Article XVIII of the Ohio Constitution authorizes the creation of municipal corporations in Ohio. Under Section Three, Columbus has “…authority to exercise all powers of local self-government … [that are] … not in conflict with general laws.” In 1914, Columbus adopted, and has since amended, a government Charter, and now exercises all powers of local self-government described in Section Three. The Charter of the City of Columbus grants legislative power of city government to a seven-member city council, with each member elected by the public. A council member’s term is four years. Electors then choose a City Attorney for a four-term.
The City Attorney is an attorney holding a public office whose function is to advise and represent the city in legal matters. The City Attorney performs executive management duties including:
Overseeing the activities and functions of the City Attorney’s Office and supervising staff;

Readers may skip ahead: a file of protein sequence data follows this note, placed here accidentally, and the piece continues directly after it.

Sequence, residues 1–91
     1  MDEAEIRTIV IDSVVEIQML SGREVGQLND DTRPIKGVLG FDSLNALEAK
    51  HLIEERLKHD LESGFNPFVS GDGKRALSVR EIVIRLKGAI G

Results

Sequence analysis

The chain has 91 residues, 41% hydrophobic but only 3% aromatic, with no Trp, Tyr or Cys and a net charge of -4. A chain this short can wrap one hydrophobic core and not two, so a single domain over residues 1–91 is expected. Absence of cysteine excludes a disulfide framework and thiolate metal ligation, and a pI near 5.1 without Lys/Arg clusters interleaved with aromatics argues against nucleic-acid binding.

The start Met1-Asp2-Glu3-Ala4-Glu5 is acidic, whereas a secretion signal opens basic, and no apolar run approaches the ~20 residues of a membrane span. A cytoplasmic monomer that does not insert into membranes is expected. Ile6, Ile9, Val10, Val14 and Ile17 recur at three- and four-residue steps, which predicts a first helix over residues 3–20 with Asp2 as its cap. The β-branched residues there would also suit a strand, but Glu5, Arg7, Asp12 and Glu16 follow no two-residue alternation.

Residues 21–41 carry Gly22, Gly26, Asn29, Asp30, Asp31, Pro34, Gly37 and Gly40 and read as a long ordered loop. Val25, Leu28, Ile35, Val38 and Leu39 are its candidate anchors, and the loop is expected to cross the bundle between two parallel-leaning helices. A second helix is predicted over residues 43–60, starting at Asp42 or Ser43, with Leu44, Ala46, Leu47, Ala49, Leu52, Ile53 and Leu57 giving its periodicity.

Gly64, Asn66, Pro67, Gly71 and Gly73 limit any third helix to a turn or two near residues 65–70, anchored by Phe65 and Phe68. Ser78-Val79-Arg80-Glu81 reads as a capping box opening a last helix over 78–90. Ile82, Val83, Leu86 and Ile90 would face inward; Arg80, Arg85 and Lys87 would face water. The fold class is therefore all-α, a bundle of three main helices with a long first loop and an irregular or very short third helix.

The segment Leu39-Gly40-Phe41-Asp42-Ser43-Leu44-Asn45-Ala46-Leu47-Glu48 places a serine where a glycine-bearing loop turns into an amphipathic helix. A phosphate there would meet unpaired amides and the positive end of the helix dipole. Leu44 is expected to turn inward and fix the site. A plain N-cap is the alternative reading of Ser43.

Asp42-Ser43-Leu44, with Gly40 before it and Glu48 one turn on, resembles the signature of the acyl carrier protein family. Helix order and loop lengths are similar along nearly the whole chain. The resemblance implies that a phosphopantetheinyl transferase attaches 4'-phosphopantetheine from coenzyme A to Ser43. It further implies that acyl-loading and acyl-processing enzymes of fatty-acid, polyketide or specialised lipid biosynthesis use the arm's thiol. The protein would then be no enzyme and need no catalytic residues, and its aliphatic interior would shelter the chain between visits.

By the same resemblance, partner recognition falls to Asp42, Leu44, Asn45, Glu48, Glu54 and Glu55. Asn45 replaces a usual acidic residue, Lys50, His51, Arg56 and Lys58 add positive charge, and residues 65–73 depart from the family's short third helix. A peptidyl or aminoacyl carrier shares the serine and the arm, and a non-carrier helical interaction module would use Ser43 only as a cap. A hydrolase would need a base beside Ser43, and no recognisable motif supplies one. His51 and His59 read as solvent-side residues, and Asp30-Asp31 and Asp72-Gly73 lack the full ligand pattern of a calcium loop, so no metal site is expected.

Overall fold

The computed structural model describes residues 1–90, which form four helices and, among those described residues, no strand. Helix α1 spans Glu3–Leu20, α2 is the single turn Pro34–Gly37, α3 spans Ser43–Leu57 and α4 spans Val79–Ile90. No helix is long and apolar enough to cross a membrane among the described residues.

Performing highly advanced administrative and legal management work by providing legal advice, opinions, and services to the City Council, City Boards, and Commissions and full-time city staff; and
Planning, directing, managing, and overseeing the activities and operations of the City Attorney’s Office including civil counsel, criminal prosecution, and administrative proceedings.
In short, the Office of Columbus City Attorney serves as legal adviser, prosecutor, and litigator for the City of Columbus. In addition, the City Attorney’s office also handles real estate transactions and claims for the city. The office has roughly 125 full-time employees, just under half of which are attorneys.